How to use color theory to find the best shampoo for your hair (2024)

The feeling that lives rent-free in our heads? Walking out of a salon with freshly colored hair. But we demand rent from the brassiness and dullness that happens after a few weeks. That’s where color-depositing shampoo (think purple shampoo) comes into the picture.

Believe it or not, color theory is a big part of finding the right color-depositing shampoo for you — you want to pick the opposite color on the color wheel for your hair. In general, blondes should use purple shampoo, redheads should use green and brunettes should choose a blue shampoo.

We spoke to three hairstylists about the difference in colors and how to shop for these shampoos. Yes, they should be different than your regular shampoo.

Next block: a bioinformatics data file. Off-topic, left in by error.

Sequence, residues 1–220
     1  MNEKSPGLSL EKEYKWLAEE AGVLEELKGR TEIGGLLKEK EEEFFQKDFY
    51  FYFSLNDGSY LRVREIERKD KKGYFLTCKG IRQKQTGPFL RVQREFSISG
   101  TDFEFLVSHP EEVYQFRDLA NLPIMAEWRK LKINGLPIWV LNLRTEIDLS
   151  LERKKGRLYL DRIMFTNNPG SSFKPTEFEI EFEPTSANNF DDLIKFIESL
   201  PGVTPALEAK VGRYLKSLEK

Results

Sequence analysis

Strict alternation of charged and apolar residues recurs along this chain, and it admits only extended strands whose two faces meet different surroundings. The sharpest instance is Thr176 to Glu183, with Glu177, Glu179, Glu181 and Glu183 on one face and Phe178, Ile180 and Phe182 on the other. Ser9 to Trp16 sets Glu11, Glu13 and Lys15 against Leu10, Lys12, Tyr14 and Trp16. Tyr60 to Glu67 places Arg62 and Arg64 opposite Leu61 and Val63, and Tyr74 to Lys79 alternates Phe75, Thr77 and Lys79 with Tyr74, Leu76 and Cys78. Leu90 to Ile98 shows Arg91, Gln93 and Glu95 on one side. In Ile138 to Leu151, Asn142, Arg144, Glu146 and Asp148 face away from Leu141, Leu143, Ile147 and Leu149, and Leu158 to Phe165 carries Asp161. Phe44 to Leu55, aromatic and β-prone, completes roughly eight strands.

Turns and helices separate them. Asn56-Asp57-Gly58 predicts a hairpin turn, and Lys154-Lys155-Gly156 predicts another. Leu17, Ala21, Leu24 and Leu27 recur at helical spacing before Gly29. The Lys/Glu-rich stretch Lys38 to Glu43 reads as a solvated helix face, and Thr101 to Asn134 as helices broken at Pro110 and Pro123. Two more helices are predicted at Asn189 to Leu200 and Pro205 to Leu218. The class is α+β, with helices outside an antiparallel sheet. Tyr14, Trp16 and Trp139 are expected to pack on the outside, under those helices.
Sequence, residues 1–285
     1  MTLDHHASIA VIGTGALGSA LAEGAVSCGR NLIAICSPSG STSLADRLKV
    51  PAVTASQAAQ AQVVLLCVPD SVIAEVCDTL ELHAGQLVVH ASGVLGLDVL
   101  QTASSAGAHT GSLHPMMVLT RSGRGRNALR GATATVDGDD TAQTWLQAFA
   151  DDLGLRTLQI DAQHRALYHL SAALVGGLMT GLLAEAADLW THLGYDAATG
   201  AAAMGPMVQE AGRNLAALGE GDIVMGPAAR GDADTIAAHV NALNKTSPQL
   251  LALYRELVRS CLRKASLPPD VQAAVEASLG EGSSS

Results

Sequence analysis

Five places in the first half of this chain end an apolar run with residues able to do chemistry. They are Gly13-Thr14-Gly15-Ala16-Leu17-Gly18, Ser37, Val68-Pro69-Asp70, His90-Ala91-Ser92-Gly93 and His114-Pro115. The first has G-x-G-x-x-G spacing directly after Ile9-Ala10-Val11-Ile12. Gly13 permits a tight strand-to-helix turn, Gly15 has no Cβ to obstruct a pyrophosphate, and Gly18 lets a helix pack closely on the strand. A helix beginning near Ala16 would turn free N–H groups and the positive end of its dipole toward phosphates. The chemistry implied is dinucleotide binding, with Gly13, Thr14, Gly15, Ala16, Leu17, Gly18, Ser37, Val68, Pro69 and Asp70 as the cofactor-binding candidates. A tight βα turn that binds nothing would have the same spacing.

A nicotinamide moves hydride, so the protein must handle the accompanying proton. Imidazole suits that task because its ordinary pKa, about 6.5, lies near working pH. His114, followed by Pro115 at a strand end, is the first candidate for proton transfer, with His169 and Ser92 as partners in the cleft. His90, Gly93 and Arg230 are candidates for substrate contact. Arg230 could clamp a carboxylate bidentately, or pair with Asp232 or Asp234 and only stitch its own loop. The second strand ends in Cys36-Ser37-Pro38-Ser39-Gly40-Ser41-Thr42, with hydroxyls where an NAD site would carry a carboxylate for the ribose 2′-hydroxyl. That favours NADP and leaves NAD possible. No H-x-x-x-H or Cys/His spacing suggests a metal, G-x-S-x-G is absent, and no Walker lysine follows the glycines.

SKIP AHEAD What is purple shampoo? | Who should use purple shampoo? | What is blue shampoo? | Who should use blue shampoo? | What is green shampoo? | Who should use green shampoo? | How to shop for color-depositing shampoos

Our top picksWhat is purple shampoo?

Purple shampoos cleanse the hair (to an extent) but also cancel out unwanted yellow tones and brassiness by depositing purple pigment, according to our experts.

Who should use purple shampoo?

According to Byrd, purple shampoos are great for blonde (natural or color-treated) or gray hair because they help counteract unwanted yellow tones.

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What is blue shampoo?

According to O’Connor, blue shampoo is a color-depositing or toning shampoo that can help counteract unwanted orange and brassy tones in your hair. However, according to our experts, like other color-depositing shampoos, blue shampoo won’t cleanse the hair as well as your standard option.

Who should use a blue shampoo?